In looking at the Articles of Confederation, America’s first attempt at self-government, the amount of power delegated to the individual state is immediately obvious. “Each state retains its sovereignty, freedom and independence, and every Power, Jurisdiction and right, which is not by this confederation expressly delegated to the United States, in Congress assembled” (Articles of Confederation, Article II). This article grants a huge amount of sovereignty for individual states, essentially freedom to do as they please, but its purpose was to be a safety stamp that guaranteed that the federal government wouldn’t suddenly clench its iron fist around all the poor citizens who were still traumatized by the alarming tax rates Britain had demanded. With this article in place, the federal government was helpless as a child; it couldn’t levy taxes, raise an army, or create a common monetary system and had to instead ask politely for money to run the country. Because Americans were so afraid of their rights and money being stolen, they created an article that would make sure they were safe from federal tyranny, and although the Articles of Confederation didn’t last, they showed that Americans absolutely needed that guarantee of safety from the potential of their government to suddenly turn evil and wring all the money from their pockets. The current constitution is also structured to protect the people.

Although it gives the government more power, it is only enough power to run the country properly and efficiently. It also wouldn’t have been ratified if not for the promise of a bill of rights, a set of amendments that protects the rights of citizens today. States refused to pass the current constitution unless there was some guarantee that certain human rights could not be taken away the great and powerful Congress. James Madison readily agreed to write and pass the bill as soon as possible, and the states finally began to ratify the new constitution. With the promise of this bill, Americans were satisfied.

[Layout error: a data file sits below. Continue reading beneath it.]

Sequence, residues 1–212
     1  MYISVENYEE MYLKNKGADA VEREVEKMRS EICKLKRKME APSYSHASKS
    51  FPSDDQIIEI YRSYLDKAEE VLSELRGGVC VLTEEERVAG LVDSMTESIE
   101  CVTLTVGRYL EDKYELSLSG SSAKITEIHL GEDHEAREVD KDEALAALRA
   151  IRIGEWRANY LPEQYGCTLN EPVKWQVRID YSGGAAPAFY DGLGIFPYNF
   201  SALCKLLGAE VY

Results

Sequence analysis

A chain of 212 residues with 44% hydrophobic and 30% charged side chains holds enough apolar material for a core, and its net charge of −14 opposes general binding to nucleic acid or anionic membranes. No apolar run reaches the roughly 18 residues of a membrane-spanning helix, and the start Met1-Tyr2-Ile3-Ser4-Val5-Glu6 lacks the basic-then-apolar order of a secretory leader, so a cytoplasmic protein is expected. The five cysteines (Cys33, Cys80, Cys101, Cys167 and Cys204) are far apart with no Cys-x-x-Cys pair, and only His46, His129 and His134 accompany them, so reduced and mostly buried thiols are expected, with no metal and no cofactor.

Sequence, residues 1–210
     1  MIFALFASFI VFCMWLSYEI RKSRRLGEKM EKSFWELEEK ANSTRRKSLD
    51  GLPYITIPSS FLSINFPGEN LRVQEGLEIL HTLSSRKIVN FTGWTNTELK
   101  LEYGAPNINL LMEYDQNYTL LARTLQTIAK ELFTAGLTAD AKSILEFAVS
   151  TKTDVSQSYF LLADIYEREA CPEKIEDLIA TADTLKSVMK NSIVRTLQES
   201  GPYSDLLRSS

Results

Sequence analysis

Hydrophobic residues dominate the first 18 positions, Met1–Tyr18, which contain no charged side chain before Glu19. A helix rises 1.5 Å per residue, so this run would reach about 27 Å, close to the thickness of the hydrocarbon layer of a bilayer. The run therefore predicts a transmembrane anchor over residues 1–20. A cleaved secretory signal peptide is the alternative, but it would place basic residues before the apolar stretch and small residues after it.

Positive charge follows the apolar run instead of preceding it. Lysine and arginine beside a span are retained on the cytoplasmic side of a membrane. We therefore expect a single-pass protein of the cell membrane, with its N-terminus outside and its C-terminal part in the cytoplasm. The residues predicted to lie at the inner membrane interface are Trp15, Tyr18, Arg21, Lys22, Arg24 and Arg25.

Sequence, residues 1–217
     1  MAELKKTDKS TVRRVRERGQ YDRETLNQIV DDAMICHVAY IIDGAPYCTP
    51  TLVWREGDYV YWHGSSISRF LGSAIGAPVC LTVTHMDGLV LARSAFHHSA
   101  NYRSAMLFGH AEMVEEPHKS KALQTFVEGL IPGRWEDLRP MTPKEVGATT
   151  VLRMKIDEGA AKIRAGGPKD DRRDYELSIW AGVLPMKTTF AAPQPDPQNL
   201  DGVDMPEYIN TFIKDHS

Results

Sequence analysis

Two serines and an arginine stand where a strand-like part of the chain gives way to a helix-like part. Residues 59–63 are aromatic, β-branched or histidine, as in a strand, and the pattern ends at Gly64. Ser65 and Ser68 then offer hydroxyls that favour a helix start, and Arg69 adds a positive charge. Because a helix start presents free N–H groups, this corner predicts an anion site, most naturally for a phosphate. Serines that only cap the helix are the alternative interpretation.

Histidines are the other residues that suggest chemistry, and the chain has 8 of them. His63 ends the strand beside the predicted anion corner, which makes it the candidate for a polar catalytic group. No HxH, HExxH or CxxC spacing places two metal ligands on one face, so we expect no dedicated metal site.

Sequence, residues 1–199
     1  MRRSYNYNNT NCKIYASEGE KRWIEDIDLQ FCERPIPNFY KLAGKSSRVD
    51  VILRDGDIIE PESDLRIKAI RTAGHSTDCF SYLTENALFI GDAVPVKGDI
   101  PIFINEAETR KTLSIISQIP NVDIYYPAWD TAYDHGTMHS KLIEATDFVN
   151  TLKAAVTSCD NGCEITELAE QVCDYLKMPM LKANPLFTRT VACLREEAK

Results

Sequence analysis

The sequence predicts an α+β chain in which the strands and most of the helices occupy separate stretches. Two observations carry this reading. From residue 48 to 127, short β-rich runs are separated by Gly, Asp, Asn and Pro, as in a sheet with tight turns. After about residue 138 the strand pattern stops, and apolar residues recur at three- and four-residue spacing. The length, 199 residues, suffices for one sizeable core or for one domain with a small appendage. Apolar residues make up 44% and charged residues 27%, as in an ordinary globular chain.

They were safe, and that is all they ever wanted and all their subsequent generations ever will want. Freedom is a nice thought, but safety is the practical number one choice. People might occasionally envy pigeons for their ability to fly, but when it comes down to it, they would still rather rest comfortably on solid ground on two sturdy legs. It’s simply safer to be a human than it is a pigeon, especially in the jagged city of New York. Americans may revere freedom, but in their hearts they crave safety and security and reject over-adventurous endeavors. Freedom compared to safety is infinitesimal in value; it is worth almost nothing.

Who really wants freedom when they’re ostracized, in pain, dying, dead, broke, or paying taxes on paper goods? Not an American, that’s for sure! To them, when safety is at stake, freedom is for the birds.